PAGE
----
Expected Time (duration) = (O + 4M + P) / 6.

Because PERT approaches uncertainty in activity durations using this statistical approach, it is an extremely useful tool for scheduling projects where there is a high degree of uncertainty with regards to how long specific activities will take to complete.

👉🏼 Read the full guide to construction scheduling.

Benefits for SMB Contractors

While PERT may seem like it applies to large projects and large contractors, the truth is that emerging contractors stand to gain numerous advantages by incorporating PERT as a tool in their repertoire of project management techniques. The adoption of PERT can bring numerous benefits to SMB contractors, including:

  • Improved Planning and Scheduling – PERT facilitates a deeper understanding of the project’s flow, helping identify key activities and timelines. It requires intense scrutiny of the relationship between different events and activities on the project, so by using PERT you will have a much more intimate understanding of how certain activities affect events later in the project and the overall completion of the project.
  • Enhanced Time Management – By estimating the minimum time needed for project completion, PERT allows for more effective time management. PERT is also complementary to the Critical Path Method, which also focuses on understanding the network of relationships between activities and how it affects the minimum time needed to complete the project.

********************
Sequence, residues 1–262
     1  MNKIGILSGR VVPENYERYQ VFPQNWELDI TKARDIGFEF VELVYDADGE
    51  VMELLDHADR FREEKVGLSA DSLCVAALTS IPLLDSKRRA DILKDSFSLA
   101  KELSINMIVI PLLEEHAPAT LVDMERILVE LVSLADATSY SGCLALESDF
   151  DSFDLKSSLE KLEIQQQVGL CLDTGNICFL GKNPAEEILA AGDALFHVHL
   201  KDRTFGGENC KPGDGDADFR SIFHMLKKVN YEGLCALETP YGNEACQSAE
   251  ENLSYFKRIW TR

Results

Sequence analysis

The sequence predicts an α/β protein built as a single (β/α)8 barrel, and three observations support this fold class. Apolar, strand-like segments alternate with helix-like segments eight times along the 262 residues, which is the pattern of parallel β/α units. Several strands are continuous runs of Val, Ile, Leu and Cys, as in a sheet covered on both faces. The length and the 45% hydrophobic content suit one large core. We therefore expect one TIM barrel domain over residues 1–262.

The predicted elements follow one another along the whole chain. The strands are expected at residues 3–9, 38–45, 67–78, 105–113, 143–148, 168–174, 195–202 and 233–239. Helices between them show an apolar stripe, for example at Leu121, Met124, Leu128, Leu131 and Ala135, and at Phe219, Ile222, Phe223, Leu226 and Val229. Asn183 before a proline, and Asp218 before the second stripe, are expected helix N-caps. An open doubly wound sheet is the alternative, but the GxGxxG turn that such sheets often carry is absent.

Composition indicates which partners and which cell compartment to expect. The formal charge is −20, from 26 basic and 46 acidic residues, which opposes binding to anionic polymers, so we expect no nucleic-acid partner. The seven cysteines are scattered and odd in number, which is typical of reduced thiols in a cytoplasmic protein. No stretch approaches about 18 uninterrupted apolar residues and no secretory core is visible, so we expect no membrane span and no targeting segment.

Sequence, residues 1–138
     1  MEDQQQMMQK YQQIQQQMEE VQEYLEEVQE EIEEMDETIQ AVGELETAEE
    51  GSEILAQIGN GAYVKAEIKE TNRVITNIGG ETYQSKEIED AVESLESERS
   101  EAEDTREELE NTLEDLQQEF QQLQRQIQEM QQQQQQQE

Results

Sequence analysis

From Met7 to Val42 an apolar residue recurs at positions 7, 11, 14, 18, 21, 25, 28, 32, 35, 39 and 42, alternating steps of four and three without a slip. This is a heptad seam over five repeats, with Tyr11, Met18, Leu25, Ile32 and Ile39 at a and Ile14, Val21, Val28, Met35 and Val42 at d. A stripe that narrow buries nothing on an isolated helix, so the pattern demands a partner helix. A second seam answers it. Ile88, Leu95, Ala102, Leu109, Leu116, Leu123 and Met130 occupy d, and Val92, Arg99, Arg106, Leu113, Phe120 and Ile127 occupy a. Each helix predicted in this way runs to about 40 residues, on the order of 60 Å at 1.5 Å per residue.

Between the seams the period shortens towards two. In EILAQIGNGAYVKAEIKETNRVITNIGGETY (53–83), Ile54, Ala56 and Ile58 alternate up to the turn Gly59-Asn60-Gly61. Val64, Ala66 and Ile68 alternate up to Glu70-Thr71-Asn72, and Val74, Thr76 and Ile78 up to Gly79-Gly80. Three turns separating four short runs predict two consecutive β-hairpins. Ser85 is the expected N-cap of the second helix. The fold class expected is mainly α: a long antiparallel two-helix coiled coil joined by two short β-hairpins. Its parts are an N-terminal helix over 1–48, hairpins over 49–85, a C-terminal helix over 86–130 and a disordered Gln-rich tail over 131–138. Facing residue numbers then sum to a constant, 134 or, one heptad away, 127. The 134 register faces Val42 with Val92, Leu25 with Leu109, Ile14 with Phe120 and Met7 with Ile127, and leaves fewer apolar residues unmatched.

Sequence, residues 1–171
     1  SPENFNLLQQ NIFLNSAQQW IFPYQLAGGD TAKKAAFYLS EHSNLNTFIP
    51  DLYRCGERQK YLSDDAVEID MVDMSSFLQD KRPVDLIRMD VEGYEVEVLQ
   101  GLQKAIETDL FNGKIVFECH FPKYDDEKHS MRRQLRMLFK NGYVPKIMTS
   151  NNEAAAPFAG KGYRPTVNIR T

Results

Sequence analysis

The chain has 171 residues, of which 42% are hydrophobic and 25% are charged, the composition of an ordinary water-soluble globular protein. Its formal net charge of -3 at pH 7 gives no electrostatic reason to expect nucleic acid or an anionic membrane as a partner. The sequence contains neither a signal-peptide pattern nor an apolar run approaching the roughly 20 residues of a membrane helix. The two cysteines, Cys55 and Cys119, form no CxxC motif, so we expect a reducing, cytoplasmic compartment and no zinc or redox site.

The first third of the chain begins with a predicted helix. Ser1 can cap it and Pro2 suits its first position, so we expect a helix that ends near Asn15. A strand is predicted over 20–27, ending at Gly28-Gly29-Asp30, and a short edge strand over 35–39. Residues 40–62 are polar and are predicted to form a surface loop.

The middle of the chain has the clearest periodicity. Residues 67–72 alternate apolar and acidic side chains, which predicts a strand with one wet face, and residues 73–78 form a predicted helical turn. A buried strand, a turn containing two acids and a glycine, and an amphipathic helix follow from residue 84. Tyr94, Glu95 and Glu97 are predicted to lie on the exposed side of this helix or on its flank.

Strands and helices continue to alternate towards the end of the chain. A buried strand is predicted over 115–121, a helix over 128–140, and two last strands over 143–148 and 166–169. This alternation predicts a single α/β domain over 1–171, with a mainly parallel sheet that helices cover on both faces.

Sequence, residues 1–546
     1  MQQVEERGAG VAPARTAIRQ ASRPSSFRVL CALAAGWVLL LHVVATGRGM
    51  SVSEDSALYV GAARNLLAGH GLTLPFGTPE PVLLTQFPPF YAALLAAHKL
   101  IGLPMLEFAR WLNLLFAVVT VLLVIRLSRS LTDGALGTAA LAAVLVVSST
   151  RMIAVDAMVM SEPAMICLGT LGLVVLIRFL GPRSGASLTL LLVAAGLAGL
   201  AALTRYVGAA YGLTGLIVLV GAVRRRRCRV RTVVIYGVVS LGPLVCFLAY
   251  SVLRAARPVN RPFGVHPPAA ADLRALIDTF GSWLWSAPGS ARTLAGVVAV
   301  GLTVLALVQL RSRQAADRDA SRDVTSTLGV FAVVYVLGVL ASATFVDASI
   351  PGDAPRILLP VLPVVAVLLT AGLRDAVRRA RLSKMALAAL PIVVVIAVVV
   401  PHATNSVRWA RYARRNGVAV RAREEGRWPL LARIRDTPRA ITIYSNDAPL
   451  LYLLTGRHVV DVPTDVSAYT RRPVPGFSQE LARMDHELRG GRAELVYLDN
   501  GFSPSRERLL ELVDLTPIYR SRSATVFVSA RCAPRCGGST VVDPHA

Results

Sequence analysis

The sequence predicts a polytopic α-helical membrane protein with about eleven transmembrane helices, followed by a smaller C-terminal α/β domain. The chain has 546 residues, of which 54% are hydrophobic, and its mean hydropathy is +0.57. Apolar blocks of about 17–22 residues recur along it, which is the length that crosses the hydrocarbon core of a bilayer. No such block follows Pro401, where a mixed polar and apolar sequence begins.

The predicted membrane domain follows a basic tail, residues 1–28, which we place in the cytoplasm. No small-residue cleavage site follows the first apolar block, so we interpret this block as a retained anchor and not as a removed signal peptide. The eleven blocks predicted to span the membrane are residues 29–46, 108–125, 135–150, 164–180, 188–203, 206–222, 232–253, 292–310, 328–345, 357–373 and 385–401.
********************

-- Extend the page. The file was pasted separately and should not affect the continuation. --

• Increased Flexibility – Contractors can anticipate and adjust to potential delays or changes in the project timeline. PERT allows you to see how future downstream activities or events will be affected by changes to activity durations that are currently happening, giving you insight and power to minimize future delays.
  • Better Resource Allocation – Understanding which activities affect the shortest possible duration of the project helps in allocating resources more efficiently where they are most needed. Understanding when and where to deploy your resources gives you a tactical advantage on project’s where there are competing priorities.

Adapting PERT for SMB Contractors

While PERT might seem more suited for large-scale projects, SMB contractors can adapt its principles for their benefit. Here are some of the ways using the PERT method can be simplified in order to be used on a project of any size:

  • Simplify the Technique – Instead of an extensive network of activities, focus on the major phases of your projects. For smaller projects, you won’t need to get as granular as you would on larger projects, because the activities are not as complex and intricate.
  • Use Available Tools – Leverage project management software that includes PERT chart functionalities tailored for small businesses. In particular, two software that I have used extensively for smaller projects are Smartsheet and Microsoft Project. Both softwares are easy to learn, easy to use, and provide robust schedules quickly.
  • Combine with Other Methods – Integrate PERT with other project management approaches like Gantt charts for a more comprehensive view. As previously stated, PERT goes hand-in-hand with the Critical Path Method due to both methods’ close scrutiny of the dependencies between activities.

Ultimately, while implementing the PERT method might seem intimidating, what it really means for your project is simply looking at the major phases of construction, breaking those down into smaller, more manageable chunks, and then taking a deep look into what activity has to happen in order for the following ones to be possible.